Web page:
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By Orrin G. Hatch
Procedural changes impede the chamber's traditional deliberative function
Topic - T. Harris
The D.C. board that adjudicates public employee disputes has been accused of discriminating against whites and conservatives, but city officials also have questioned whether claims of prejudice are rooted in a labor union bias on the part of the board's members, according to the board's former executive director.
The executive director of the board that adjudicates labor and employment disputes in the Nation’s Capital has resigned, reportedly for having violated the District’s residency laws by living in Virginia.
The executive director of the independent board that rules on labor complaints and resolves collective bargaining impasses between unions and the D.C. government is not a resident of the District, as required by law, but of Virginia.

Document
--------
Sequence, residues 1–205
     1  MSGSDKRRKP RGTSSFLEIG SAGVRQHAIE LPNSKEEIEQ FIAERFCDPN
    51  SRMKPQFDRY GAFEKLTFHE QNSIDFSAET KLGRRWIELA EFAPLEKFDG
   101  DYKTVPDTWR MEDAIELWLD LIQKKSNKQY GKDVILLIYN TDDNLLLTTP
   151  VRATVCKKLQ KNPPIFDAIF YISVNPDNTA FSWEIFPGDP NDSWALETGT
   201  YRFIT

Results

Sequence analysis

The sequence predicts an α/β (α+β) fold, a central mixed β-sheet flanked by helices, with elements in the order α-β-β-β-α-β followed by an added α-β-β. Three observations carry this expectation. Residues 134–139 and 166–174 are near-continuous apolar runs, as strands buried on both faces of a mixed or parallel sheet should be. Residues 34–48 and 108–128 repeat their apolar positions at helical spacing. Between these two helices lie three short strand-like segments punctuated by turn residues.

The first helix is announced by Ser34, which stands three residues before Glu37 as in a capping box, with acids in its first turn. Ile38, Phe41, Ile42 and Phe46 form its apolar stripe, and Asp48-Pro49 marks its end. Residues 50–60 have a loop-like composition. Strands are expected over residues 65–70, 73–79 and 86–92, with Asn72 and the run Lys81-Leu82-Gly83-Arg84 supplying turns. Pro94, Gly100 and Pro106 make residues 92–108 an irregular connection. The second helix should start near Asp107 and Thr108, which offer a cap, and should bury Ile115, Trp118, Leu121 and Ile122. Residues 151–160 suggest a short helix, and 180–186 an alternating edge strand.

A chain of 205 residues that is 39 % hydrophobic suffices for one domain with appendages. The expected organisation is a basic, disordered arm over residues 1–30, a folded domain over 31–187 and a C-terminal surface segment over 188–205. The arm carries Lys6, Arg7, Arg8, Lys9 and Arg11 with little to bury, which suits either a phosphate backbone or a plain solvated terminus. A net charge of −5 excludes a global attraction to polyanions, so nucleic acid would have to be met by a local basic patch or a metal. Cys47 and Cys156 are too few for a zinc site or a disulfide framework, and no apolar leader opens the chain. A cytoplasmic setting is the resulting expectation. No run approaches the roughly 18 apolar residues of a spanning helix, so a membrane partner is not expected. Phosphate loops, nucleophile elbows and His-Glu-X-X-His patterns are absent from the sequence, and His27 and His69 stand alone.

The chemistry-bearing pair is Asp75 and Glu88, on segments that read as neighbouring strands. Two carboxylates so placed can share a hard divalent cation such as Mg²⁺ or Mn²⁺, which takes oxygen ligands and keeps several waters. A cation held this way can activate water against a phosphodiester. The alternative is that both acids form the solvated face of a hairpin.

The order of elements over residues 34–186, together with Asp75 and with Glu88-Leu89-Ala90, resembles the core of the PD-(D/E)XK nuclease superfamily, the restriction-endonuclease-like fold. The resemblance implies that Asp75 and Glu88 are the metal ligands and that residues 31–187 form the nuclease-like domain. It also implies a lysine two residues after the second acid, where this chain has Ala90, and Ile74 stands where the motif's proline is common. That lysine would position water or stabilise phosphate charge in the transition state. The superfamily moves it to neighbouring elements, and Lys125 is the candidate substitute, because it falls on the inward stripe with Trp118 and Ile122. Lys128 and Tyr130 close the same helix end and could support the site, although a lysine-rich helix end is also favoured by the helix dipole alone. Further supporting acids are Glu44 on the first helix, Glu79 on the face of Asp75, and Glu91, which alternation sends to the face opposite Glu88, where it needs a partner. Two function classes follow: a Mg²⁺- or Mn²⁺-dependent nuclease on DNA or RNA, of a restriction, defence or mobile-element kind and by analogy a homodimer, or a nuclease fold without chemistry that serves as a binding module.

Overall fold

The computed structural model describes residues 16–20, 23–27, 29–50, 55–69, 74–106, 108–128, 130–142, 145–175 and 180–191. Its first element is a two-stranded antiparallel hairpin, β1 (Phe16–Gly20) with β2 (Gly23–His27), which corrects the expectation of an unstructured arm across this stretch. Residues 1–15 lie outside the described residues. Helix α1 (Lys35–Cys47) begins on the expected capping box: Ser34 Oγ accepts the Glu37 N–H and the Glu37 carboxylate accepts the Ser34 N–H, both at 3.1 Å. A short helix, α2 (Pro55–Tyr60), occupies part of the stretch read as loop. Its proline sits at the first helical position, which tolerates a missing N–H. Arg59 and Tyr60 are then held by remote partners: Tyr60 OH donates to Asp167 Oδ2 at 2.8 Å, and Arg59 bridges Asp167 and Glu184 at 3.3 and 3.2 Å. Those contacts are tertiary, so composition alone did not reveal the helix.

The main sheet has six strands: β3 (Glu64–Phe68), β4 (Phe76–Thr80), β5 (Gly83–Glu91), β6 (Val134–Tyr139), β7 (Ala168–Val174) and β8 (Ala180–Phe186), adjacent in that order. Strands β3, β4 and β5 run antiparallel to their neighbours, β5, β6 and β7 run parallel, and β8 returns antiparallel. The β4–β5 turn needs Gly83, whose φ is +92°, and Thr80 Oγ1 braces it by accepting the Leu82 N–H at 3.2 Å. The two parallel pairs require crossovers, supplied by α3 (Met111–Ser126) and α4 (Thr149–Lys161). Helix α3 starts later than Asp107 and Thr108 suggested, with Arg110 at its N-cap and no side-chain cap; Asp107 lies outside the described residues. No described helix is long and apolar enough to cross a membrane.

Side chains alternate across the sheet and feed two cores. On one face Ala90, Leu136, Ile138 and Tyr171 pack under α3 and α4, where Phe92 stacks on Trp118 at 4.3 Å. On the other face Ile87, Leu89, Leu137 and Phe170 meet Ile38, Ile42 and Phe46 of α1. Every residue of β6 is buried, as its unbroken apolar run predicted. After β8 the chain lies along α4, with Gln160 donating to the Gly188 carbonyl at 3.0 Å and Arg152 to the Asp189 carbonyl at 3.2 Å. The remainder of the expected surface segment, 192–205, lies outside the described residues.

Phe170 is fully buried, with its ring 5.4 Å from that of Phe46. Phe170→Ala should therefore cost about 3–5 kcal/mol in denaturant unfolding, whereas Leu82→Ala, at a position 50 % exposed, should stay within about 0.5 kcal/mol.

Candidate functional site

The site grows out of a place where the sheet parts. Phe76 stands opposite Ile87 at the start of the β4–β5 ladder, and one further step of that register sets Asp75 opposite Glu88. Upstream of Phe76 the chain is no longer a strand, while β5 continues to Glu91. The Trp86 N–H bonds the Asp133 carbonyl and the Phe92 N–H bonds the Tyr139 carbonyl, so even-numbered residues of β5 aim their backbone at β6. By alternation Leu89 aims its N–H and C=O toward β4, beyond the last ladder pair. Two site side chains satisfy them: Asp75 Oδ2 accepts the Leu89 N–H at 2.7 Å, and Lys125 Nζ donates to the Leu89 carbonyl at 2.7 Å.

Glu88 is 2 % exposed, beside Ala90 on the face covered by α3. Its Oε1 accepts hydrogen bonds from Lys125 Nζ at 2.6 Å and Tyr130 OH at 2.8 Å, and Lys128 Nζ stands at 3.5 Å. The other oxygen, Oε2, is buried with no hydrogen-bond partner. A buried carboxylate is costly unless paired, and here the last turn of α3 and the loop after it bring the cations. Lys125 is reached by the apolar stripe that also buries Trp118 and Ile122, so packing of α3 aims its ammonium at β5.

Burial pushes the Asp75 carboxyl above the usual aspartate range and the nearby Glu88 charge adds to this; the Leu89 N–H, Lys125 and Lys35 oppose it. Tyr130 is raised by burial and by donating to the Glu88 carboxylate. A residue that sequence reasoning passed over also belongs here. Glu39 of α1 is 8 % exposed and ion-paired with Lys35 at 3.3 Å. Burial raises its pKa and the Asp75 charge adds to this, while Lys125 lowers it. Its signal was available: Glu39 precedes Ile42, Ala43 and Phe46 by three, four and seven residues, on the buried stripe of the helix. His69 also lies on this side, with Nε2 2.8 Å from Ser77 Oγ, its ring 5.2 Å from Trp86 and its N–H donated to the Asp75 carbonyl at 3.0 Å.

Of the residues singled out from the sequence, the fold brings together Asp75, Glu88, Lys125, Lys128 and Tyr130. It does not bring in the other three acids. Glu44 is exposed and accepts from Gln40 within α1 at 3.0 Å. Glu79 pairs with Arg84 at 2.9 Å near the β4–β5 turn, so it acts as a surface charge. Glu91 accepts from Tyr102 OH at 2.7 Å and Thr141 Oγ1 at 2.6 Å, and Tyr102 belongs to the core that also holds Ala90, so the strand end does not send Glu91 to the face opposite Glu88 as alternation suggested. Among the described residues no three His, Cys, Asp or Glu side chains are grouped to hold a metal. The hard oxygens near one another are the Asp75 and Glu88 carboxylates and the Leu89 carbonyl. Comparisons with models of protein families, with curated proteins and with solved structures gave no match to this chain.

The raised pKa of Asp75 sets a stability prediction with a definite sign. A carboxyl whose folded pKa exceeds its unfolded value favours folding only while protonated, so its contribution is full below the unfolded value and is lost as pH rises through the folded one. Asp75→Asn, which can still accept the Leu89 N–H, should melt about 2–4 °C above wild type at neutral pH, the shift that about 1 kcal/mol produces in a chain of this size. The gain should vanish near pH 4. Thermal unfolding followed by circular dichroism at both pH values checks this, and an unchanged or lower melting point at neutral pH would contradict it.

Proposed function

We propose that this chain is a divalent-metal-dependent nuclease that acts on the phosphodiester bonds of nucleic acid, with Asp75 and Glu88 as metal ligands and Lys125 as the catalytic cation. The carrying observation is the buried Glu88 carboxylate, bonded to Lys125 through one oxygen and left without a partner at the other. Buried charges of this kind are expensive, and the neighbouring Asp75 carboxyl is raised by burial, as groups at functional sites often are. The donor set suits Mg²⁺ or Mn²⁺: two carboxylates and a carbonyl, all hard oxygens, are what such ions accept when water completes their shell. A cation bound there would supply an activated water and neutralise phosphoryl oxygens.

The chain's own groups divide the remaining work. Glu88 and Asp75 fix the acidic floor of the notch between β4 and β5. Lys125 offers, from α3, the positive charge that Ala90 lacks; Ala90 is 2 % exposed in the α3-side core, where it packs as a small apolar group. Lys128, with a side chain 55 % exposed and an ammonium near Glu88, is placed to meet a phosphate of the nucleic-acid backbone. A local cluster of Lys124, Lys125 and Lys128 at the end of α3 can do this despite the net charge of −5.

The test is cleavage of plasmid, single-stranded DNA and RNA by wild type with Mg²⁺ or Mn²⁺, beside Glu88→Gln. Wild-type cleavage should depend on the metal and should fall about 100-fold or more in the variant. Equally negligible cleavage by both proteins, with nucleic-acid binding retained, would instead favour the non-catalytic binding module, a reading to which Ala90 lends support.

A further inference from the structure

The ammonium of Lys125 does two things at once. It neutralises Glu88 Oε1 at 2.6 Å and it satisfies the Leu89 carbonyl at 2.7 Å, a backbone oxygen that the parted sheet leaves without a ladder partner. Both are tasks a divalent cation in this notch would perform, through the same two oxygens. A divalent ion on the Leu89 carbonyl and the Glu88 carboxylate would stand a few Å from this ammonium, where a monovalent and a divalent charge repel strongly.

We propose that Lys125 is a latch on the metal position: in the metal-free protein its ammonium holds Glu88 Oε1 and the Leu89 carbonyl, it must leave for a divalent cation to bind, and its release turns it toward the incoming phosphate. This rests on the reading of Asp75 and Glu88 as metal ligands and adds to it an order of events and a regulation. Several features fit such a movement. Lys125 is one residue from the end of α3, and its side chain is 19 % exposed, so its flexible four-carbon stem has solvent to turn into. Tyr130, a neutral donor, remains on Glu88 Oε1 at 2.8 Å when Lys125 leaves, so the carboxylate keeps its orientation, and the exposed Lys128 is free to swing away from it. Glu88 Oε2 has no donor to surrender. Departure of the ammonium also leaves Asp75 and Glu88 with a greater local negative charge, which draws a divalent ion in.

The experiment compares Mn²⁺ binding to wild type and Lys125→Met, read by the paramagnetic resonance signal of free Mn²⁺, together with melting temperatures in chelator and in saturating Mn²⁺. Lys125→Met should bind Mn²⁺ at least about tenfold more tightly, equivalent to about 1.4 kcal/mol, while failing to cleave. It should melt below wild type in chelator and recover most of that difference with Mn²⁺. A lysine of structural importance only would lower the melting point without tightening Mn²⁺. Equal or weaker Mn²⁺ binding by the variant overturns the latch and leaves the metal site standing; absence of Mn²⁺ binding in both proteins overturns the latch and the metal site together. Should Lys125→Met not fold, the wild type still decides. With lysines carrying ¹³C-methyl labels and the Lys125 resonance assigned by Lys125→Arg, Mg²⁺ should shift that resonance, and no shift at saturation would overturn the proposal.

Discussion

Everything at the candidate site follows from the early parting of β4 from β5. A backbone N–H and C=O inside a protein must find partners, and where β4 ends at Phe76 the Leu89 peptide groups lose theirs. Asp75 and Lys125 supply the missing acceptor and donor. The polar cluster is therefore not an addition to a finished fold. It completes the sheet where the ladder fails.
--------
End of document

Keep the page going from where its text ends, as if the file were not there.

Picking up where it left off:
After months of upheaval, the only thing impeding the president of a D.C. youth-corrections officers' union is a board member with a checkered past and an employee relations director who, despite city requirements, does not live in the District.
Mr. Harris indicated that he would administratively dismiss the matter, which would force the union to further pursue its claim in D.C. Superior Court that Ms. Campbell has exceeded her authority.